Video game RPGs owe much of their DNA from the classic tabletop RPG. Despite Dungeons & Dragons Fifth Edition catapulting the tabletop RPG into mainstream popularity, there’s been a stark lack of officially licensed D&D video games in recent years. Indie studio Tactical Adventures hopes to change that with Solasta: Crown of the Magister.
“We’ve been a big fan of tabletop RPGs for 30 years,” says Mathieu Girard, CEO and creative director at Tactical Adventures. “We have a D&D campaign running every week – currently playing Descent Into Avernus. Making a D&D RPG is a passion project for us.”
It took Danny Ocean and ten other highly trained thieves, hackers and con artists to break into Las Vegas casino vaults in Ocean’s 11, but designer Tim Fowers is confident we can get it done with just two to four players in Burgle Bros. 2: The Casino Capers, the co-op board game sequel releasing later this year.
The original Burgle Bros. released in 2015, and has become publisher Fowers Games’ best-selling title. Players chose from among a team of professionals such as The Acrobat, The Spotter and The Hawk and took turns moving through grid floors made up of room tiles, sneaking past patrolling guards and avoiding motion sensors. Teamwork was key when searching for safe combinations, looting goods and escaping via the fourth-floor rooftop.
Desolation? Check. Old Gods? Check. ‘Souls’ literally in the title? Check. Eldest Souls isn’t shy about its influences. It’s a pixelated souls-like with nothing but large-scale boss battles. I play a cloaked figure called the Crusader who carries a sword so comically oversized it would make Cloud Strife blush. The world has gone to absolute hell, and it’s up to him and his sword to kick every Old God’s ass up and down the Ancient Citadel.
At least that’s the plan. In reality I get my butt handed to me again and again by the very first enemy. The Watchdog is at least three times my size with a canine face, a jagged sword, and a ribcage shield, and it murdered me in a matter of seconds. The Watchdog leaps, slashes, and charges with frustratingly quick reflexes, every hit shaving off a third to half my health.
The rogue-like genre has absolutely exploded in the last several years thanks to indie developers. FTL. Rogue Legacy. Spelunky. Risk of Rain. Binding of Isaac. Darkest Dungeon. The Flame in the Flood. It’s becoming a well-worn genre that demands more of each new game.
Streets of Rogue, now out on Steam Early Access, distills many of the most successful elements of the games before it with free-form, procedurally generated level designs that promote creative mayhem. And you can do it with friends.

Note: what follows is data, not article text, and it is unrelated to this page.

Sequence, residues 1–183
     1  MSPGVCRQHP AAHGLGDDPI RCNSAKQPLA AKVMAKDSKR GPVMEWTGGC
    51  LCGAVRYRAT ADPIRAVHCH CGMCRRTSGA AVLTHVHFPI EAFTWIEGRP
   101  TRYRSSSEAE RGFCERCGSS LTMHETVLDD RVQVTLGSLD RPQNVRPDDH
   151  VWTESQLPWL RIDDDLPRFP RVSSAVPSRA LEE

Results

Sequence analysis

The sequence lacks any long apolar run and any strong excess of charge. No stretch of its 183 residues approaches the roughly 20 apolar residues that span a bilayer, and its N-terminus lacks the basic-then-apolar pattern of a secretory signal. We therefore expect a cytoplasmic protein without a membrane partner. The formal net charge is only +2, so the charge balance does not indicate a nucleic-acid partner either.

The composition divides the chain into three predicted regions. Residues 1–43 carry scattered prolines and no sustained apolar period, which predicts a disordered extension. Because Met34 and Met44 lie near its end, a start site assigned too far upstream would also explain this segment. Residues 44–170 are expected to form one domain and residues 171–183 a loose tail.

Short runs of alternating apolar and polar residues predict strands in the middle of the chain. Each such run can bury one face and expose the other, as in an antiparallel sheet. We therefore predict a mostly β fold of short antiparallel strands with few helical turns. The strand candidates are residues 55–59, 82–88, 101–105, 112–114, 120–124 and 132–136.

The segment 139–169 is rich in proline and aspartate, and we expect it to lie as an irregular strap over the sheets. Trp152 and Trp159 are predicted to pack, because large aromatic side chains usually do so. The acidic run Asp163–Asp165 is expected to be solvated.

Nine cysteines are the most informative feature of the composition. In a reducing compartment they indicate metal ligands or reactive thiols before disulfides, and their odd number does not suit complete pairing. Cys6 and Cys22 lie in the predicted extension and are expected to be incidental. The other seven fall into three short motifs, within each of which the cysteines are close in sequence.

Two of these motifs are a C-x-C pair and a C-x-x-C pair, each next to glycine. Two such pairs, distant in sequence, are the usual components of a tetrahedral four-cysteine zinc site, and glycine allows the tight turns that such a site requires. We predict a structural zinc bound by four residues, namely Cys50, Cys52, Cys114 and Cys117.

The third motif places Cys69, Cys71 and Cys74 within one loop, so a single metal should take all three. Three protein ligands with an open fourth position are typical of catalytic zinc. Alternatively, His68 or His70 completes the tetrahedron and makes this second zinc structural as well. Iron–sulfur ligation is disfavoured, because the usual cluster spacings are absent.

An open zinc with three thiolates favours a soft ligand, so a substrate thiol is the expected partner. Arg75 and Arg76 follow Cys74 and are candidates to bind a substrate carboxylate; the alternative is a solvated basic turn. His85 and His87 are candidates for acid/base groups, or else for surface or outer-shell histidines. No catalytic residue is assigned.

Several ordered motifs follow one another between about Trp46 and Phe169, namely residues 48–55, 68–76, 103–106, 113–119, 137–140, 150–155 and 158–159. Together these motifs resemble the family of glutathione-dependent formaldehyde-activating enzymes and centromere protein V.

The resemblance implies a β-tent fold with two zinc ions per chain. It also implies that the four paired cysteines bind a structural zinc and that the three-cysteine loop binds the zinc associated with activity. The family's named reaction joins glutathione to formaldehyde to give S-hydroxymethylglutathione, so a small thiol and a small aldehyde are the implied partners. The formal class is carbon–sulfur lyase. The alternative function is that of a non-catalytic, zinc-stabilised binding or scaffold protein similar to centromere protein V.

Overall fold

The developers of RollerCoaster Tycoon 3 are looking to continue their successful formula with their latest park management simulation, Planet Coaster.
One of the most beloved series to emerge from the popular Tycoon/Sim genre was RollerCoaster Tycoon. Pitting you in charge of your own budding amusement park, the series enjoyed several expansion packs and a passionate fan base. Later the games transitioned into 3D with RollerCoaster Tycoon 3, and even later onto consoles with the spiritual successor Thrillville.
Now the same developer is looking to continue their successful formula with their latest park management simulation, Planet Coaster.
“Planet Coaster is a game we’ve wanted to make for a long time,” says Jonny Watts, Chief Creative Officer for Frontier Developments. “But it’s only now as a self-publishing studio we’re able to make the game we had envisioned.”
For fans of RollerCoaster Tycoon, you’re in luck. After trying the Alpha version, Planet Coaster plays much like a natural evolution of those great theme park classics. You’re given a large, empty plot of land. From there you can construct pathways, shops, buildings, scenery, rides, and of course elaborate roller coaster designs.
LEGO Worlds expertly captures the feel of playing and building with LEGO bricks with the addictive open-ended exploration and building of Minecraft.
The biggest and most obvious inspiration for Minecraft is LEGO. Those venerable little stacking bricks rose from humble Danish beginnings to become one of the most popular toys in the world. Over the last decade, the brand has successfully expanded into video games using its incredibly lucrative licensing deals, making games of popular franchises like Star Wars and Batman. The focus on kid-friendly, cooperative gaming has made these games hugely popular for families.
Now we have finally come full circle, as LEGO returns to its block-building roots by lifting core gameplay from Minecraft. LEGO Worlds was recently released in Early Access on Steam, meaning the game is still in active development, but can be purchased and played right now. Despite a current lack of major features like multiplayer, LEGO Worlds expertly captures the feel of playing and building with LEGO bricks with the addictive open-ended exploration and building of Minecraft.